Kansas taxpayers save $30 million with early payment of 2 state debts

TOPEKA, Kan. (WIBW) – Kansas taxpayers have saved more than $30 million in future interest payments by prepaying two state debts.

Kansas Gov. Laura Kelly said Tuesday, Sept. 20 that by paying off state debt on critical water storage ahead of schedule, her administration saved taxpayers more than $30 million. of dollars.

“I believe in fiscal responsibility, and by paying off reservoir debt early, millions of dollars can now be spent on things like lowering taxes, fully funding schools and investing in law enforcement. and infrastructure,” Governor Kelly said. “These payments also help ensure a reliable water supply for Kansas residents and businesses now and for years to come.”

Kelly noted that the administration accomplished the task through two water projects.

The first, the governor said, she signed in 2022 with Senate Bill 267 to include a payment of nearly $80 million in debt owed by the state to the U.S. Army Corps of Engineers for storage of oil. water supply in certain federal reservoirs in the Sunflower State. .

Kelly said the $80 million payment eliminated debt owed for Clinton Lake, Hillsdale Lake and Big Hill Lake and will also help pay off additional debt owed for Perry Lake and Milford Lake. She said the investment in storing the reservoir’s water supply will save the state about $27.6 million in interest payments that would have been made during the term of those contracts.

The second, Kelly said he recommended in his fiscal year 2022 budget, was agreed by the Legislature to pay $332.3 million in bond debt at the start – including the bond issued for the dredging project at the John Redmond Reservoir which restored the water supply capacity needed to operate the Wolf Creek Nuclear Generating Station. She said the state paid about $1.6 million each year against the debt.

By paying off the reservoir debt about 8 years ahead of schedule, Kelly said the state would save about $3.2 million in future interest payments.

“This prepayment reflects responsible financial judgment,” said Connie Owen, director of the Kansas Water Office. “Taxpayers will benefit from huge savings, as well as a more reliable water supply in the future.”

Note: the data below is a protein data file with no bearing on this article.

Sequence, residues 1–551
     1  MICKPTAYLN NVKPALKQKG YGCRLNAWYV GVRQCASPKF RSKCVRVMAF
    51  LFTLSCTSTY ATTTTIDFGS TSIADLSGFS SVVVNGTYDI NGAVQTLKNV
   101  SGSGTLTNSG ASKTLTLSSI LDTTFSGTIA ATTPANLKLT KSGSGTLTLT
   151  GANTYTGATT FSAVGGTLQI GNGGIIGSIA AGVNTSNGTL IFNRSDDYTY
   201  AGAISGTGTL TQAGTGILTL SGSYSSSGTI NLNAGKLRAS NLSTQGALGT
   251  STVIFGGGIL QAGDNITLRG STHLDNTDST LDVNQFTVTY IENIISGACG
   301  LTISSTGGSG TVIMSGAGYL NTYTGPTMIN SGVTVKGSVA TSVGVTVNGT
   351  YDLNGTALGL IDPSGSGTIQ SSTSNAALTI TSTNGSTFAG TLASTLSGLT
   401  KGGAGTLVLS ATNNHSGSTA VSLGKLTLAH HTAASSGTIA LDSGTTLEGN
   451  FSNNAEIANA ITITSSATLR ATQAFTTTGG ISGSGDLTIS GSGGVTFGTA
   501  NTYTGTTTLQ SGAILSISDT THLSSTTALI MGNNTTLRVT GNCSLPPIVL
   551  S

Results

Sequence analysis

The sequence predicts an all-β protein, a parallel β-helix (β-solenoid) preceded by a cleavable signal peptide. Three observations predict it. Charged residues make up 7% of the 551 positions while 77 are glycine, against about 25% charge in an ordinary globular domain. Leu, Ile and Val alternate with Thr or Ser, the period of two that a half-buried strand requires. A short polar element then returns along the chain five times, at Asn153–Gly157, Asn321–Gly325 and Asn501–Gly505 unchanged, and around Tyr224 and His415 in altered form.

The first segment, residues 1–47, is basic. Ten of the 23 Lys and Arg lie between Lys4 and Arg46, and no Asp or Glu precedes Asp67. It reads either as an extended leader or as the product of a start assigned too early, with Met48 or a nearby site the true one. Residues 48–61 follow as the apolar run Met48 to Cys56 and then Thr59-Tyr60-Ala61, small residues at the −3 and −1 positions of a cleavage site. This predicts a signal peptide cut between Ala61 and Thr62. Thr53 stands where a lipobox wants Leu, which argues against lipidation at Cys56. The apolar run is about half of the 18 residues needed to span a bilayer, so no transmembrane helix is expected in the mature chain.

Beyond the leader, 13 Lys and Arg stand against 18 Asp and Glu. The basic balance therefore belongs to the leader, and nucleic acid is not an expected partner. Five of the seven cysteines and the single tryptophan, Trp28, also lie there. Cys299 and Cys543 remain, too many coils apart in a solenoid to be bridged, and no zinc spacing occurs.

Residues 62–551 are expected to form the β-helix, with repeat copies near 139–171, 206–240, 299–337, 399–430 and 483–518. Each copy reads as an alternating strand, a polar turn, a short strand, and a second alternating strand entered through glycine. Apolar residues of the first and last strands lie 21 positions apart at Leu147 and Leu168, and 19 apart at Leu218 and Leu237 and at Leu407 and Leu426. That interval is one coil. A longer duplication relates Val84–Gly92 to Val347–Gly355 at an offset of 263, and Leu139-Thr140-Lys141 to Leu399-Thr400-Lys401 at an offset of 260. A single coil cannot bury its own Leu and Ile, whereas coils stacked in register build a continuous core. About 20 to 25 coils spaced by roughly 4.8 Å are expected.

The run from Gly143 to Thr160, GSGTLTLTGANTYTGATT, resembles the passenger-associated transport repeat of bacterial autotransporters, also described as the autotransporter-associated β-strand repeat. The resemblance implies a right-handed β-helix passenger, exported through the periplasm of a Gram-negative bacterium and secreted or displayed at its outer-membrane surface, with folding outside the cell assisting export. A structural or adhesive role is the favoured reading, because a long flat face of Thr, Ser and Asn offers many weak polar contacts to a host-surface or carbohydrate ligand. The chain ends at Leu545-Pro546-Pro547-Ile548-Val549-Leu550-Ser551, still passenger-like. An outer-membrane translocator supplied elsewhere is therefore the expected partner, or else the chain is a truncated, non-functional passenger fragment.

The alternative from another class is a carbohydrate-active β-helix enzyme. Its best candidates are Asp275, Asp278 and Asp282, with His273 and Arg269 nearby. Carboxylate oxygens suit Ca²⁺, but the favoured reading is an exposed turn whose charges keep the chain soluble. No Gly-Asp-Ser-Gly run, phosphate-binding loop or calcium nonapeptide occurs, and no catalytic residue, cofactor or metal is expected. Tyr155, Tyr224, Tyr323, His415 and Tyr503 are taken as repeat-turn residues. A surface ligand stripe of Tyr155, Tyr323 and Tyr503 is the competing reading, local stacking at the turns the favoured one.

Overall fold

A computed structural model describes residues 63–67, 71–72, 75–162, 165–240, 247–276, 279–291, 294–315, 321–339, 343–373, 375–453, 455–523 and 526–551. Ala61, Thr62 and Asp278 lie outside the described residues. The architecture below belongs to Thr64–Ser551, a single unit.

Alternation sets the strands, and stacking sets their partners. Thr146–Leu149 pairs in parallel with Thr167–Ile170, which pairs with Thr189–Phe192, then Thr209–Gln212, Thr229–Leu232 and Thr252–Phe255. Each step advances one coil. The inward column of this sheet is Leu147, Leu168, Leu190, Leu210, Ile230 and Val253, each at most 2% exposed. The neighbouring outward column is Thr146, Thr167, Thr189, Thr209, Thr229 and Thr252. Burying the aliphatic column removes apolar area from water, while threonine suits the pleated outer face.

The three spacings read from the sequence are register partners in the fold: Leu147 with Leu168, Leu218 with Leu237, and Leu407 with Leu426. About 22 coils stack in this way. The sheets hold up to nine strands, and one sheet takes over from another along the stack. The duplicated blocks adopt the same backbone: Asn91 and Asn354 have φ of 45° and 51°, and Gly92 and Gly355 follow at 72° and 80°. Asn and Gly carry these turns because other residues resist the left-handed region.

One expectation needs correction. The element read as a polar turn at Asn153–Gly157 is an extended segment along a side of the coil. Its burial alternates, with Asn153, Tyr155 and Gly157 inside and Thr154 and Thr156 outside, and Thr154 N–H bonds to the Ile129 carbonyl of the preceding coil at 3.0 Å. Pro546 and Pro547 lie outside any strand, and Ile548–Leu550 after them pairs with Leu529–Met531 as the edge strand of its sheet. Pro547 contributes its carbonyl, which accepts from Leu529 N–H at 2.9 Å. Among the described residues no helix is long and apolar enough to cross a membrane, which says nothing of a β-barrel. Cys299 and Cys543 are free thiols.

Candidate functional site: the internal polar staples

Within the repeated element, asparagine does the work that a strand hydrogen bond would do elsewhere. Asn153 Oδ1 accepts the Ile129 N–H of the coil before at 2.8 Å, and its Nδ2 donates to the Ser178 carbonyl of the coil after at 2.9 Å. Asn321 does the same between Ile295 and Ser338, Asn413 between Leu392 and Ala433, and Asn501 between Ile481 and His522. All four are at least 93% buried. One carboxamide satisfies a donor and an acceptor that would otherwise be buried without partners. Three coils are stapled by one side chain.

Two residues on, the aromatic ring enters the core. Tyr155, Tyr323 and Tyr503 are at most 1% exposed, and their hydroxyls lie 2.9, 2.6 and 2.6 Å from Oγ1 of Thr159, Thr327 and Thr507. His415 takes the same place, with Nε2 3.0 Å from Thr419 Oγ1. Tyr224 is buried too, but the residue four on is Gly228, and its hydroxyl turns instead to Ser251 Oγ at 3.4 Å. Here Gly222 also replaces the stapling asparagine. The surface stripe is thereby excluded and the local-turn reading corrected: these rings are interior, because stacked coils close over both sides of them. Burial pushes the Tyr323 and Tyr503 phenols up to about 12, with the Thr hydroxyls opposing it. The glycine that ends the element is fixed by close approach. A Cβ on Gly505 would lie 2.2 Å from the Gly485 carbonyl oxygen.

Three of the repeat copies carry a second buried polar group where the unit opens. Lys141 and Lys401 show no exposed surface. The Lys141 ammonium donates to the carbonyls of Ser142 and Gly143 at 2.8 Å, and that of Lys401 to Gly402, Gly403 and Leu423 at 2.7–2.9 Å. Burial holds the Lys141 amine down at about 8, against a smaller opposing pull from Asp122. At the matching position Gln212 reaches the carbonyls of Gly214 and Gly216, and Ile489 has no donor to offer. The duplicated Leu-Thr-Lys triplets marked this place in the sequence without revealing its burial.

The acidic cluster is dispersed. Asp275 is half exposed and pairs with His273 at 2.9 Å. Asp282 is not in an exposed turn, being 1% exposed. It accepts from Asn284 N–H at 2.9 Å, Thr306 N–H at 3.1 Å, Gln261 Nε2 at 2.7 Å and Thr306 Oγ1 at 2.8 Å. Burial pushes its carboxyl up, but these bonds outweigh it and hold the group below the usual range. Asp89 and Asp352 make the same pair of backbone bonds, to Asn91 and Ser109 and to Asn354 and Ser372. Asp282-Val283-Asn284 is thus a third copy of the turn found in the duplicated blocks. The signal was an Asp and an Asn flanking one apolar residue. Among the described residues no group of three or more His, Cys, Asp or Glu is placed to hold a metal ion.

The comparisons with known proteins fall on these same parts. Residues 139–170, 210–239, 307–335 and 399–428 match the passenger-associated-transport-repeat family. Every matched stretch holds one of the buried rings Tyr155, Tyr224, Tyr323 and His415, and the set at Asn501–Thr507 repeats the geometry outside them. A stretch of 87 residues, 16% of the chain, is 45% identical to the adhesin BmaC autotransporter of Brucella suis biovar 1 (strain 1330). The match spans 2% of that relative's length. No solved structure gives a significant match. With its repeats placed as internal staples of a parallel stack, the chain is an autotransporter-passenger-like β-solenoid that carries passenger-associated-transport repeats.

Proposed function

Kelly said his administration has led the way in making water protection a top priority for the Sunflower State.

In 2022, Kelly said she had fully funded the State Water Plan — a multi-agency effort to protect a reliable statewide water supply — for the first time in more than 14 years. She said Kansas water resources priorities that benefit from this investment include, but are not limited to, the following:

  • Ogallala/High Plains Aquifer Agricultural Water Conservation Irrigation Technology and Education;
  • Water reuse and recovery projects for dairies and feedlots,
  • Local adoption of Local Improved Management Areas (LEMA) and Water Conservation Areas (WCA),
  • Financial assistance supporting the adoption of soil and water practices; and
  • Farmer-to-farmer education on soil health and other water conservation practices.

Also in 2022, Kelly said her administration released the first update to the Kansas water plan since 2009. She said the plan was developed by the Kansas Water Office and approved by the Kansas Water Authority from the contributions provided by local, state, federal and regional authorities. the partners.

Thanks to his administration’s efforts, Kelly said a water injection dredging demonstration project will now be able to begin at Lake Tuttle Creek to remove accumulated sediment that has reduced the storage capacity of the lake’s water supply. , which helps serve more than 800,000 Kansans.

The Governor said planning efforts for the latest event, in partnership with the US Army Corps of Engineers, are currently underway.

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Elaine R. Knight